Dr. Engali's picture

Shit cracks me up. Just the thought of raising rates is blowing up currencies around the globe and these fed heads may actually believe that they can raise rates without blowing the whole system up.

Yen Cross's picture

Doc, even if they raise rates I think it's a sell the news scenario. The front running has been so extreme, that I think the risk is actually to the downside. The Fed. isn't going to do anything but jawbone though.

The stronger the $usd gets the more overvalued U.S. equities become.(lower nominal value) for foreign investors. That's why the DAX has been going hyperbolic, from the carry and nominal advantages. The euro selloff has been so extreme, that it's going to retrace here very soon.

TheReplacement's picture

You're one of those buy-low-sell-high lunatics aren't you?

davidalan1's picture

I think we can all agree that if you take away the dope. cocaine, emails, servers and punch bowl this party is OVAH? no? Or is it just me?

interesting times indeed.

God forgive me for I have sinned.

Evil Bugeyes's picture

Didn't DB just fail the Fed's most recent stress test?

But they can't just say: "We are levered out to the max and rate hikes would kill us."  Saying "Rate hikes might not be good for the S&P" doesn't sound so self serving.

gcjohns1971's picture

DB is one of the Fed's owner-banks.

When your owner needs the printing press...he gets it.

When they want to 'create inflation' what they really mean is that they need to shrink the relative value of the loans on the banks' books relative to the real assets in society.

Their struggle is that this also (necessarily) shrinks the value of the financial sector, whose ownership is mostly virtual (paper assets).  So, I think they are conflicted...

thismarketisrigged's picture

damn tylers, would u have to spoil the answer for me in the title


just kidding, this shit is so obvious, they can never raise rates without crashing the entire system. 


this is going to be looked back upon as an historic time in the history of financial systems. this system when it explodes, it will be a sight to see.

TheReplacement's picture

just kidding, this shit is so obvious, they will never raise rates until they are ready to crash the entire system. 


this is going to be looked back upon as an historic time in the history of planetary systems. this system when it is exploded, it will kill us all.



I think my version is probably more righter.

Chad_the_short_seller's picture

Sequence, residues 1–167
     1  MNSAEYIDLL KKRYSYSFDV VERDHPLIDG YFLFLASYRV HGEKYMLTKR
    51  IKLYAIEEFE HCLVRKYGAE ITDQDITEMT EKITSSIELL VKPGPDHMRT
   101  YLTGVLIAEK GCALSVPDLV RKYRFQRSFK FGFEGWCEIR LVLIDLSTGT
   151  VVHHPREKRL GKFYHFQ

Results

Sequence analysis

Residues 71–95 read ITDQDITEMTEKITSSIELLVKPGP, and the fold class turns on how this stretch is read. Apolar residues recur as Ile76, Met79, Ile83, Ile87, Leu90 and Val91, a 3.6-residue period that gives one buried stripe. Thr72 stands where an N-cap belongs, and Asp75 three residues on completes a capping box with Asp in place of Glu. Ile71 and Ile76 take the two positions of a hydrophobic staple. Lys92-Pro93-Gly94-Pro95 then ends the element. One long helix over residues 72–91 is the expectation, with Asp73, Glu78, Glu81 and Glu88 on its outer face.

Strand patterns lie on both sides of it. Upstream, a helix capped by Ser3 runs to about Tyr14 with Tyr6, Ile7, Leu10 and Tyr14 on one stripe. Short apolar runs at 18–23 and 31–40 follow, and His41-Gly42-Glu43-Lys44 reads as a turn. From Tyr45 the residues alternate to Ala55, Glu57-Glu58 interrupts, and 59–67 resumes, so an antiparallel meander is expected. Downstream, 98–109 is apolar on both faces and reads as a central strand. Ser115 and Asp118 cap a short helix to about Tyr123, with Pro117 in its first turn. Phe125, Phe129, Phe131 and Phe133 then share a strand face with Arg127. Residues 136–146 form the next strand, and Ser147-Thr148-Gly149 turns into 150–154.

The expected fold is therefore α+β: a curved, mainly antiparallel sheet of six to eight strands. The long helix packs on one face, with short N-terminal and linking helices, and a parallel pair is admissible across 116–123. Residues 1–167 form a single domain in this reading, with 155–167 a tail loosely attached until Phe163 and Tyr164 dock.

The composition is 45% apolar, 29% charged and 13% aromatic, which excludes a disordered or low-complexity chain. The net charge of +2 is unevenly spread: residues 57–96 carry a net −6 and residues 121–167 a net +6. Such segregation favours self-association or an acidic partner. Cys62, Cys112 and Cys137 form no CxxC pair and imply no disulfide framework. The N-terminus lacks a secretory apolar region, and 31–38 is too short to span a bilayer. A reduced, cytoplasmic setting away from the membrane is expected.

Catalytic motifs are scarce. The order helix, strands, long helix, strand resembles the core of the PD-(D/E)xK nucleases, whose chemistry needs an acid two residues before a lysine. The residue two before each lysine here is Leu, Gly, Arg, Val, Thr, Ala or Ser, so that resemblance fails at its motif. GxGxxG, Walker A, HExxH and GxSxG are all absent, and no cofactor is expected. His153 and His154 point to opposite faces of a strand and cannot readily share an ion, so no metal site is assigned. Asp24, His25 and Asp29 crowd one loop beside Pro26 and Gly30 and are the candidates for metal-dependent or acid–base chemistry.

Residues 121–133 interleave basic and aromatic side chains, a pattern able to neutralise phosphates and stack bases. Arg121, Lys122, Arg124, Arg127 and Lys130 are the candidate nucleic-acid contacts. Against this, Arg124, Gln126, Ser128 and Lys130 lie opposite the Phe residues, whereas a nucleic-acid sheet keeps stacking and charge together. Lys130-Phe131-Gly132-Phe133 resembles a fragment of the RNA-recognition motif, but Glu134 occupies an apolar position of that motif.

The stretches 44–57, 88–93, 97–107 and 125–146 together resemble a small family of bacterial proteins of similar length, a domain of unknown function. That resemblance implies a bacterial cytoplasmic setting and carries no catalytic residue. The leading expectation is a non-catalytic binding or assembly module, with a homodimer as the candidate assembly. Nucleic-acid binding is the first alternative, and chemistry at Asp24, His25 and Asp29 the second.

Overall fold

Chad_the_short_seller (not verified) Mar 11, 2015 7:43 PM

Even if the fed raised rates, who's to say they wouldn't buy the fuck out of the market and prevent it from crashing? Don't think that can't happen? Think again!!!

Bastiat's picture

Is anyone ready for higher interest rates?  Consumers, governments, corporations, banks, the fed, student loan holders, the housing market?

Bastiat's picture

But everyone is ready for an endless stream of jawboning bullshit from the thieving bastards.

venturen's picture

There are mountains of DEBT EVERYWHERE and some volocanic event is going to happen and all is going to wash away when the MT Saint Helen of DEBT liquiidates everything in it path!

orangegeek's picture

2) Is an 18 trailing PE sustainable and is there upside? Yes, if long-term Tsy ylds don’t exceed 3% the rest of the cycle. But at ~18x fwd EPS, future annual price gains likely only ~5%. Near-term, we see risk of a 5-9% dip as job gains make a midyear Fed hike likely, further boosting the dollar with more EPS cuts.


Fair enough.  Problem is that Europe is selling NIRP bonds.  So any non-NIRP bonds from a RELATIVELY stable  source is a deal - enter ZIRP US bonds.  If the Fed manipulates rates higher, the EURO will tank faster - expect to see a 50 cent Euro shortly thereafter.


There's no rate hike coming.  And the rising USD is going to crush US indexes all by itself.

gcjohns1971's picture


1) FED Rate hike is linked to Euro QE

2) QE effectiveness in driving up prices was limited due to globalization.  Instead of driving up prices it creates flows from areas where there is QE to those where there is no QE.

3) Theoretical Linkage between ECB QE and Fed Rate hikes are intended to control the flow of money, to get the desired results in each place - higher inflation in US & Euro area.


What do you think?  Plausible?   Is this about limiting capital flight to maximize inflation?

It would seem to portend that any rate hike will be a timid placebo, at best, while behind the scenes the CB's plan a more lock-step monetary expansion.


If this idea is right, then where will money flee to?  Where can it?  They want to drive up general (not just stock) prices to make the debts on their books more manageable.

If they are successful, and if I've properly identified their method it will go in to....

... commodities. (Because where else will be left???)